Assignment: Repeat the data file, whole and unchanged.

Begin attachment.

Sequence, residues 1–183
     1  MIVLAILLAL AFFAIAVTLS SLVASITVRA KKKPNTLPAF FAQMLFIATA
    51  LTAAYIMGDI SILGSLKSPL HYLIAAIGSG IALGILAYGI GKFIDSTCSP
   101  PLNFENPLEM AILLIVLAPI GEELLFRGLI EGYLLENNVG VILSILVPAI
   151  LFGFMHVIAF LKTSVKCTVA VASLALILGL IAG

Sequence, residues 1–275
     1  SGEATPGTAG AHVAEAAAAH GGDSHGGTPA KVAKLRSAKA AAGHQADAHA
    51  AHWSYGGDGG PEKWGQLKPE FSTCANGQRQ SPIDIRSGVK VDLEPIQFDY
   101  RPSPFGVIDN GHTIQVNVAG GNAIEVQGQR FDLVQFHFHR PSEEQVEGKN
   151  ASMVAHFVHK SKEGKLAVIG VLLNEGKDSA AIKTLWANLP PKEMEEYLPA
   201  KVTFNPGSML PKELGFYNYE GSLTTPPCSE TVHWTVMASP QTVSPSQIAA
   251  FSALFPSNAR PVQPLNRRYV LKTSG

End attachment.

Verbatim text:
Sequence, residues 1–183
     1  MIVLAILLAL AFFAIAVTLS SLVASITVRA KKKPNTLPAF FAQMLFIATA
    51  LTAAYIMGDI SILGSLKSPL HYLIAAIGSG IALGILAYGI GKFIDSTCSP
   101  PLNFENPLEM AILLIVLAPI GEELLFRGLI EGYLLENNVG VILSILVPAI
   151  LFGFMHVIAF LKTSVKCTVA VASLALILGL IAG

Sequence, residues 1–275
     1  SGEATPGTAG AHVAEAAAAH GGDSHGGTPA KVAKLRSAKA AAGHQADAHA
    51  AHWSYGGDGG PEKWGQLKPE FSTCANGQRQ SPIDIRSGVK VDLEPIQFDY
   101  RPSPFGVIDN GHTIQVNVAG GNAIEVQGQR FDLVQFHFHR PSEEQVEGKN
   151  ASMVAHFVHK SKEGKLAVIG VLLNEGKDSA AIKTLWANLP PKEMEEYLPA
   201  KVTFNPGSML PKELGFYNYE GSLTTPPCSE TVHWTVMASP QTVSPSQIAA
   251  FSALFPSNAR PVQPLNRRYV LKTSG